The second edition of the Kampot Writers and Readers Festival (KWRF) wrapped up yesterday, bringing to an end four days of continuous cultural and literary activities.
Last year’s inaugural festival was a surprise success, drawing a few hundred visitors to the riverside town for events ranging from small poetry readings to a performance by Australian icon Paul Kelly.
This year, organisers faced the challenge of building on that momentum – and they certainly did so in quantity. The lineup featured dozens of overlapping events, including performances by the Batbangers and the Messenger Band, and a Bunong ensemble travelling from Mondulkiri province to Kampot for the first time.
“The program snowballed,” said festival director Julien Poulson, adding that it was a showcase of the “eclecticism and diversity of the writers and artists”.
Among the workshops and book launches led mainly by foreigners, the second edition also featured a handful of events chosen for their focus on the Cambodian context.
A panel of all Cambodian writers assembled on Saturday, providing a rare platform for local – and young – voices to speak about their work.
One writer, Thun Thavry, is due to publish a book in January. A Proper Woman chronicles her experience growing up as a woman in contemporary Cambodia, but is informed by the experiences of her mother and grandmother.
“I broke the cycle of uneducated women,” Thavry said, explaining that her grandmother was illiterate and her mother never had the chance to complete her grade-seven exam.
Thavry said she defied expectations by leaving her village on Koh Ksach Tunlea, a small island on the Mekong, to pursue higher education, including study in the Czech Republic.
“My audience is young girls. We’re still fighting gender equality,” she said of her book, which she plans to publish in English, with a second edition in Khmer.
There were eight other writers on the panel: Chath Piersath, Chin Meas, Yeng Chheangly, Hang Achariya, Suong Mak, Sok Chanphal, Buth Thida and Soy Sina.
A common theme of the discussion was the difficulty Cambodian writers face in pursuing their passion. Some sell noodles to support their work, while others opt for more profitable enterprises: television scripts rather than poetry, for example. The writers on the panel also acknowledged the need for better enforcement of intellectual property laws.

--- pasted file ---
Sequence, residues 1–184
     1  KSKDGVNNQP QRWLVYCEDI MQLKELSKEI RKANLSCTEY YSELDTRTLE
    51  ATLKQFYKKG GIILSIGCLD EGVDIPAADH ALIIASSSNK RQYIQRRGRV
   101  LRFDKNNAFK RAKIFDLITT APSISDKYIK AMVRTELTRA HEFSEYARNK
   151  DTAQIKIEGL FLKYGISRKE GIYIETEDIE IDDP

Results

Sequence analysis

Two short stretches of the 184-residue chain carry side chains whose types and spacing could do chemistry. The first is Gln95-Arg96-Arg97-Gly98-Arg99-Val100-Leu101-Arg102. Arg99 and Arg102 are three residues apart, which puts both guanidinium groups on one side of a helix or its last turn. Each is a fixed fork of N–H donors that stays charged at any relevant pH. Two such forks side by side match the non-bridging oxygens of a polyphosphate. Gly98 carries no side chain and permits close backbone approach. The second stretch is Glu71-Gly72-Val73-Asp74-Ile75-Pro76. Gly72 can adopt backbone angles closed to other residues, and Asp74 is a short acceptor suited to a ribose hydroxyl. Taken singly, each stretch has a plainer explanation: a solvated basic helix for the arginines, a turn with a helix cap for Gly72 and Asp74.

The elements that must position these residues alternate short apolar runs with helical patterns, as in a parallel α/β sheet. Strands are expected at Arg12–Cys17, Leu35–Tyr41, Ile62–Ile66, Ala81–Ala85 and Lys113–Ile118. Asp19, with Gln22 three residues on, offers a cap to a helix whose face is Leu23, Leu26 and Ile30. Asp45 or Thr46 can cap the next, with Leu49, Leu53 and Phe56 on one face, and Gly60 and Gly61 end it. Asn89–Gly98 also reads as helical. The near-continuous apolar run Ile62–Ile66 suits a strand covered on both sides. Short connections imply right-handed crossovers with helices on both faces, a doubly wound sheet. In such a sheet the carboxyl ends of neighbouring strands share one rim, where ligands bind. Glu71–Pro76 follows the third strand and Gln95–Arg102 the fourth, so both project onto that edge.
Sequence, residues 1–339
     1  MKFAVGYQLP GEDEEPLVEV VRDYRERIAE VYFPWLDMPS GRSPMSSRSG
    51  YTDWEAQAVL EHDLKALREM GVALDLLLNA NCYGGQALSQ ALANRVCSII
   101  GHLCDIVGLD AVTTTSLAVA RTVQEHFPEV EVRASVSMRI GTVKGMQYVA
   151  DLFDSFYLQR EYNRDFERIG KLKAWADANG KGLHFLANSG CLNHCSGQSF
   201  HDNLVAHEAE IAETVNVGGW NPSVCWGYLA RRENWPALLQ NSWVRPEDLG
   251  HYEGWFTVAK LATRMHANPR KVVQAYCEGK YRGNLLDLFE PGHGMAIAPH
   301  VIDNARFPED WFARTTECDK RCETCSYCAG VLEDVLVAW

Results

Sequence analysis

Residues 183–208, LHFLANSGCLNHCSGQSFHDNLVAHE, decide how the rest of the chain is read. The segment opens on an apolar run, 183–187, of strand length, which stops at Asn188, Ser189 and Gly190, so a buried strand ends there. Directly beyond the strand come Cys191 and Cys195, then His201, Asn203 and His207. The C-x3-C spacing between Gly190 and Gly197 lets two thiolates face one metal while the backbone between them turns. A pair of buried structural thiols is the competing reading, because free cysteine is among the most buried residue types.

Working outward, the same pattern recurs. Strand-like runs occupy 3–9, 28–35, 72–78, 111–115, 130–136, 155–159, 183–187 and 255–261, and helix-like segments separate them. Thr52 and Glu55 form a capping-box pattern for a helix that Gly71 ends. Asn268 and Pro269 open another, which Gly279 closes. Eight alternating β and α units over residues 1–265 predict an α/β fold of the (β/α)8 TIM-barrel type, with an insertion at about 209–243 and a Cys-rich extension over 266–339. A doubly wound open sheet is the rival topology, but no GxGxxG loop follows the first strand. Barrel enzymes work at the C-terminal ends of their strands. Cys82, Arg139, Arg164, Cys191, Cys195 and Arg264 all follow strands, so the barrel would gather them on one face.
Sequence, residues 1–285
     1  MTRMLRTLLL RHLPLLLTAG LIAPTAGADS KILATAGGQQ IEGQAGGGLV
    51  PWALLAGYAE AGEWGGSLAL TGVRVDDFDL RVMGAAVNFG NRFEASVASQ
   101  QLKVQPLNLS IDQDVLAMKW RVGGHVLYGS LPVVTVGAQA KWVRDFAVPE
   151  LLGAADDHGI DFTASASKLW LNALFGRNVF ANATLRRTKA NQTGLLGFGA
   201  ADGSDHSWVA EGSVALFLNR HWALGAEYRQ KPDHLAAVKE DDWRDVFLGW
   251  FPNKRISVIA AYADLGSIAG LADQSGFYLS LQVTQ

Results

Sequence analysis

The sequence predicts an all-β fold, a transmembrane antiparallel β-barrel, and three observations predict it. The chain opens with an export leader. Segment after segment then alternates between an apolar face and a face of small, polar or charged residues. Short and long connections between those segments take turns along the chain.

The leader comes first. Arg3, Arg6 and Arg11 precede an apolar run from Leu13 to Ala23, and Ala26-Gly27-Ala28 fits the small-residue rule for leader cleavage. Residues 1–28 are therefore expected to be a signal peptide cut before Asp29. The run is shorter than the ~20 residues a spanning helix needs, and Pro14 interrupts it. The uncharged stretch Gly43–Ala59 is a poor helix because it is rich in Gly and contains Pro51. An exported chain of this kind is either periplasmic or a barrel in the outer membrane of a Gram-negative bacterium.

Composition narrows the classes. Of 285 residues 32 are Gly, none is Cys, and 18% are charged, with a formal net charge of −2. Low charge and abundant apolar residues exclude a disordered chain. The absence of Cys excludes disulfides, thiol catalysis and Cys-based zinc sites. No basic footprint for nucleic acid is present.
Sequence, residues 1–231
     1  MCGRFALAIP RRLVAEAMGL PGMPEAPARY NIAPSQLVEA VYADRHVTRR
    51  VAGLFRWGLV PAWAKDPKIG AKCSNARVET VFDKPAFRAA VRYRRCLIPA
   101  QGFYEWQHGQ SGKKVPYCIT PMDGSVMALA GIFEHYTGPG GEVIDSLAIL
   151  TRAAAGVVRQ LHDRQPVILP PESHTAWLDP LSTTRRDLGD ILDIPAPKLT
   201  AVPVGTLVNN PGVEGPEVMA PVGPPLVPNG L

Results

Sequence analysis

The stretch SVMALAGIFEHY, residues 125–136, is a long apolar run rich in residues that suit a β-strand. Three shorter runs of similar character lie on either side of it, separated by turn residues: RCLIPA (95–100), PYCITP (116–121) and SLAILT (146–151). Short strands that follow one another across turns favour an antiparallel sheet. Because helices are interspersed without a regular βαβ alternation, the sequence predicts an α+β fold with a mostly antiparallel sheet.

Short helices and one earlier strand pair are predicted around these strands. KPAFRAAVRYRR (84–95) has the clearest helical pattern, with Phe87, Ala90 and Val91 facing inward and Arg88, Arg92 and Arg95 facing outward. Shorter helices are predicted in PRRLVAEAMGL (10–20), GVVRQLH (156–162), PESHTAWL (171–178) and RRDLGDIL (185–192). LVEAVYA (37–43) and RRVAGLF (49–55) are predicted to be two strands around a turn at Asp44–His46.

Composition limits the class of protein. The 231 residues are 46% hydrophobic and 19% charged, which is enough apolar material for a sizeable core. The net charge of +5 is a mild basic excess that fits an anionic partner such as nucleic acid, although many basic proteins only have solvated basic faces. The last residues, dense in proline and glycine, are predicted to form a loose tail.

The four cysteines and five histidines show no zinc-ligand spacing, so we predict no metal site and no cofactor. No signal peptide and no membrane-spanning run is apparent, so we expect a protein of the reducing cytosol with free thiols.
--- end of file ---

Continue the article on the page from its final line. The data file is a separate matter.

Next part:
Scottish writer and editor Iain Donnelly, who announced the launch of Phnom Penh-based publishing house, Saraswati Publishing, at the festival, hopes to create an alternative for self-publishing, long a plague on Cambodian and expat writers alike.
“Necessity is the mother of invention,” he said last week. “I came up with the idea of having sort of a dual model: there are a lot of expat writers that would like to see their books in print . . . and there is nobody really taking [work by Khmer writers] to be published.”
Saraswati, currently funded by Donnelly, ultimately aims for an even split between its signed Cambodian and foreign writers. He has first released his own novel under the new imprint, but hopes to publish a book of short stories by Cambodian writers early next year. Donnelly travelled to Kampot in pursuit of Cambodian writers and mentors for them, he added.
With a mostly volunteer staff of 40, the KWRF did face some organisational hiccups like last-minute schedule changes, which disoriented festival-goers and participants alike.
The writer Thavry said she was not informed of the panel’s time or location until a few hours before it began, adding that she was “disappointed” by the organisation. She also noted the conspicuous lack of Cambodian attendees.
“It’s mostly barangs,” she said.
Asked about the perceived lack of Cambodians, Poulson pointed out that such festivals – including the Ubud Writers and Readers Festival and the Hong Kong International Literary Festival, which bookend KWRF – can be a “preoccupation of Western culture”.
That the festival returned this year – and is in Kampot to stay – is a success in itself, he said. “Would you rather not have it at all?” he said. “There’s no equivalent [in Cambodia].”